Focus on Finding Your Ideal Client

Nate Biddick, CFP®, AVP of Consulting
December 18, 2018

For many CPA wealth managers, it can be tempting to want to take on as many clients as possible in order to maximize their firms’ revenue potential. However, not all clients are suitable for your firm, and sometimes it’s necessary to turn potential clients down.

Creating an ideal client profile is a critical first step to any successful marketing or client prospecting effort. When a firm has a clear picture of what the ideal client looks like, it can be intentional about which market to go after. When creating an ideal client profile, it’s important that CPA wealth managers consider some key factors of a successful advisor/client relationship — investment philosophy, attitude, coachability, total profitability (accounting and wealth management aggregated) and willingness of the client to take advice.

 

The Power of “No”

High-performing firms learn to say “no” to individuals who do not fit the molds of their ideal clients. Those who don’t fall into the firm’s core competency, conform to its financial philosophy or fall within its target client profile are likely not the best fit for the company and should not be acquired as clients. Businesses in the wealth management industry often not only target their clients but also have strict client acceptance philosophies — in addition to profitability — that align with their beliefs and purposes.

Your firm has specific investment philosophies that help guide you in providing assistance to clients in making wise investment decisions by maintaining discipline and intellectual rigor. In order to be successful, it’s necessary to work with clients whose investment philosophies align with those of the firm. Having these similar beliefs will help make for a more aligned relationship between you and your client and help create a lasting collaboration in which you work together to achieve the client’s future goals through established and understood principles that can help mitigate the media noise that bombards investors every day.

Another key factor in determining your ideal client is the client’s attitude. A client with a constant negative attitude is not going to be a viable individual for your firm. Your time and your energy are certainly two valuable commodities that you can’t afford to waste expending on clients who only wear you down. Seek out clients who bring positive and engaging attitudes to your practice — they are the ones who will make your time and energy investment worthwhile.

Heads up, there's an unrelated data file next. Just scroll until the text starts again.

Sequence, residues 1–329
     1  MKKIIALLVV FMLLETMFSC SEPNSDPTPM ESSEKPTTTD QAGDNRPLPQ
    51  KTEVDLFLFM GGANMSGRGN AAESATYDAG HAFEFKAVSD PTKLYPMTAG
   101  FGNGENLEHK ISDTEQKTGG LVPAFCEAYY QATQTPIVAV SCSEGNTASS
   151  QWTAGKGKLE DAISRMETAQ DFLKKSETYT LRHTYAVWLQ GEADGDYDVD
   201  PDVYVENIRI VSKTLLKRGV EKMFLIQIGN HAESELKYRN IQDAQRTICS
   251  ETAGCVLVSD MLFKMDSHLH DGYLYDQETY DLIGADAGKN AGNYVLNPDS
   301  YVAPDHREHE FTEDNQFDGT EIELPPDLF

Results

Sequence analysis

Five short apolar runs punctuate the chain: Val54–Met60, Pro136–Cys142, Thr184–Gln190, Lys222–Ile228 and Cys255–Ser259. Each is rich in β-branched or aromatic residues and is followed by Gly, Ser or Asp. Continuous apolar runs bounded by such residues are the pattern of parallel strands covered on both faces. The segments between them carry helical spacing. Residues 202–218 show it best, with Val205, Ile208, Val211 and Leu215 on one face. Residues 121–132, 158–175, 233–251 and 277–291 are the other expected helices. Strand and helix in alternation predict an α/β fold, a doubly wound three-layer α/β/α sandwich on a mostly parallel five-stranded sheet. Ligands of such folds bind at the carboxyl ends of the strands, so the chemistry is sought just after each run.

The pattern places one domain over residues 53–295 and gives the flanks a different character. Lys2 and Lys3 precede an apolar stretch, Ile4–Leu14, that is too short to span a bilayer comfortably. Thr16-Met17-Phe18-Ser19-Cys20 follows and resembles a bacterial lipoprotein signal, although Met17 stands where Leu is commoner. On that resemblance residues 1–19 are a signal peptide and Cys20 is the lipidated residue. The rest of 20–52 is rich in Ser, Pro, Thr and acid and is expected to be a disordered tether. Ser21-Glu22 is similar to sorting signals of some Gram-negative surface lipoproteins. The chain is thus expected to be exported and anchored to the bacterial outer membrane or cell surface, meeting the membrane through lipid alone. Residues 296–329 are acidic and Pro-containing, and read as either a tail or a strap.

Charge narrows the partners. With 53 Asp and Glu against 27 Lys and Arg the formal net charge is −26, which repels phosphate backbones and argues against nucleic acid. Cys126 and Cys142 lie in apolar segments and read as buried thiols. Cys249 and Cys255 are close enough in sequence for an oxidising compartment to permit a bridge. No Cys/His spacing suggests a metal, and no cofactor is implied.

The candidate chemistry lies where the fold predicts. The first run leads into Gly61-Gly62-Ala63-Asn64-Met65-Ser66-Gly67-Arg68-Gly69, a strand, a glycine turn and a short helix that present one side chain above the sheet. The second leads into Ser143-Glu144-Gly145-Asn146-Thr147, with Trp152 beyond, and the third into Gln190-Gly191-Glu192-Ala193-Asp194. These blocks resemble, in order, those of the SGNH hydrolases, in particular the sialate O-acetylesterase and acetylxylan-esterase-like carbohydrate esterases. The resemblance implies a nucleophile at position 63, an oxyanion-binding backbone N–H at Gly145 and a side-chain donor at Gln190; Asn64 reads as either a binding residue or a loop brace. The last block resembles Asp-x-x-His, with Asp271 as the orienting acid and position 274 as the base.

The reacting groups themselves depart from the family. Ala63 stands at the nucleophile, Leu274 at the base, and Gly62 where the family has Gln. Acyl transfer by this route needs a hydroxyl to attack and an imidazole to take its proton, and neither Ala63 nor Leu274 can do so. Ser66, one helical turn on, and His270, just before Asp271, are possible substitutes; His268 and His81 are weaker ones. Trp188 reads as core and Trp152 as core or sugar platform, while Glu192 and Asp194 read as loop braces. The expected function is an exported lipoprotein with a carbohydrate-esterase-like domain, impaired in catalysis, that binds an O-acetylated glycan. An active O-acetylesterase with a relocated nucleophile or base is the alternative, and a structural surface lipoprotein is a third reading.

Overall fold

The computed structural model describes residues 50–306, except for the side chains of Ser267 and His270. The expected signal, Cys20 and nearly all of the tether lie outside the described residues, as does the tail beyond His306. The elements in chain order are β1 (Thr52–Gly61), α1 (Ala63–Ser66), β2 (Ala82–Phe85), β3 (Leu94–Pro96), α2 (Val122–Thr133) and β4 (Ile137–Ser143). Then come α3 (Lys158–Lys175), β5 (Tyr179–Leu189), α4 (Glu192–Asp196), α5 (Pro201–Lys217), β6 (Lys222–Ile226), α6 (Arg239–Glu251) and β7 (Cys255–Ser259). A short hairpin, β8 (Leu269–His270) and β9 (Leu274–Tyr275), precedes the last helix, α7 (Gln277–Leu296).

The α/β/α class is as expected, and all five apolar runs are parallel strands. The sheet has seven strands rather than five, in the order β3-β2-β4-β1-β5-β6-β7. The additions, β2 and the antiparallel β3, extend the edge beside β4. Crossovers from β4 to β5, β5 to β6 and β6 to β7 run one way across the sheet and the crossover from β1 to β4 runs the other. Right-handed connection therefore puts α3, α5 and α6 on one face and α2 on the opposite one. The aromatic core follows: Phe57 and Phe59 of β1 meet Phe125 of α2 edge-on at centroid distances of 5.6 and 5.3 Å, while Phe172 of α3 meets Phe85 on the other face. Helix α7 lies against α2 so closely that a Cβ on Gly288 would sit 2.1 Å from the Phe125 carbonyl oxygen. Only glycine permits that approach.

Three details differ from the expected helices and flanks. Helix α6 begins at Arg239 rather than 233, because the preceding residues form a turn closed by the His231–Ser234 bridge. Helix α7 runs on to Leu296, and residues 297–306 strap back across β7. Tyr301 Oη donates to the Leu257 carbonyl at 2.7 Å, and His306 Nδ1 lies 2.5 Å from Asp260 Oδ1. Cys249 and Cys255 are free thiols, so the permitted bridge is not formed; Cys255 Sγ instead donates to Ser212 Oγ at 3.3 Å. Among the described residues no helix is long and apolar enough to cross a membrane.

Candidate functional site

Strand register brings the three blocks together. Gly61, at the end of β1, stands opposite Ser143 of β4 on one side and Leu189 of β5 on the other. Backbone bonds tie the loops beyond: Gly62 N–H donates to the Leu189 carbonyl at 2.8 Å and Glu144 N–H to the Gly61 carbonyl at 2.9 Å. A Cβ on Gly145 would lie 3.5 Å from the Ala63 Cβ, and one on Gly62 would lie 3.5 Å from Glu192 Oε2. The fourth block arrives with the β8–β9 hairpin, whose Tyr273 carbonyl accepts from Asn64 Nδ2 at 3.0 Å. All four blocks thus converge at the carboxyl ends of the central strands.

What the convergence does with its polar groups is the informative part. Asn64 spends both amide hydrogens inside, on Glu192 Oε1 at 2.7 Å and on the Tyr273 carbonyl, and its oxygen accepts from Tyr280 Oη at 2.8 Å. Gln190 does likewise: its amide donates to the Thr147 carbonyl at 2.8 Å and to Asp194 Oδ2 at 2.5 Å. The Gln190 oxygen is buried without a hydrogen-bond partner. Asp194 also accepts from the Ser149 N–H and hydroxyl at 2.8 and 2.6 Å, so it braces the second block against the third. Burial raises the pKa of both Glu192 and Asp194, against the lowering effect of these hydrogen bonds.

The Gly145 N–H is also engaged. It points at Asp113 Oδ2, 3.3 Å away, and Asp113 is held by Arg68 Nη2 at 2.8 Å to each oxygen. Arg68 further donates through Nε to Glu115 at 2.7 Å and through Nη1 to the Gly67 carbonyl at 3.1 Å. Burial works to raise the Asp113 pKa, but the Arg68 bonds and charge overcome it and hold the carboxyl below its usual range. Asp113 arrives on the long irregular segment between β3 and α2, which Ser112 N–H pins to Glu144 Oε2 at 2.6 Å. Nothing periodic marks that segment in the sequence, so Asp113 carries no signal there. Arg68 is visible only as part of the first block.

The clients you work with also need to be coachable and willing to take your advice. There are individuals who will hear what advisors say, ignore their advice, make unwise decisions with their finances and then likely blame their financial advisors for the messes they’ve created themselves. Find the client who is not only willing to listen to you but also take your words to heart and apply them. Your clients must be able to trust your guidance and believe your professional assistance is the right path to take.

There’s a benefit for both the client and the wealth management firm when that firm works with an ideal affluent individual. However, any firm looking for longevity will focus on all types of clients, including those who will eventually be profitable. Many of those individuals in the younger generations have potential to be very valuable clients, and it would be wise not to ignore their financial needs in the present. It’s not simply about serving only the affluent — it’s also about creating the affluent.

 

A Proper “No”

When turning down a client, don’t just end your conversation by saying “no.” If a client is not the best fit for your wealth management services, it doesn’t mean that your firm can’t provide tax, accounting or other assistance to that individual. In fact, you can help your firm build a strong relationship with the client by continuing to provide tax advice on his or her investments that will make the client feel more at ease and more likely to continue working with the CPA firm.

“After consideration, while we have determined we are not a fit for working together due to [insert reason here: asset minimums, investment philosophy, etc.], we look forward to continuing to serve you through our CPA firm services.” So that their clients are still able to get help they need, some firms may even make referrals to advisors outside the firms that are open to serving lower-asset clients but are still trusted to provide good advice to the CPA firms’ clients.

The truth is that you cannot be all things to all people. Some clients will simply not be the ideal individuals to work with for wealth management services, and it will be necessary to steer them to other resources.

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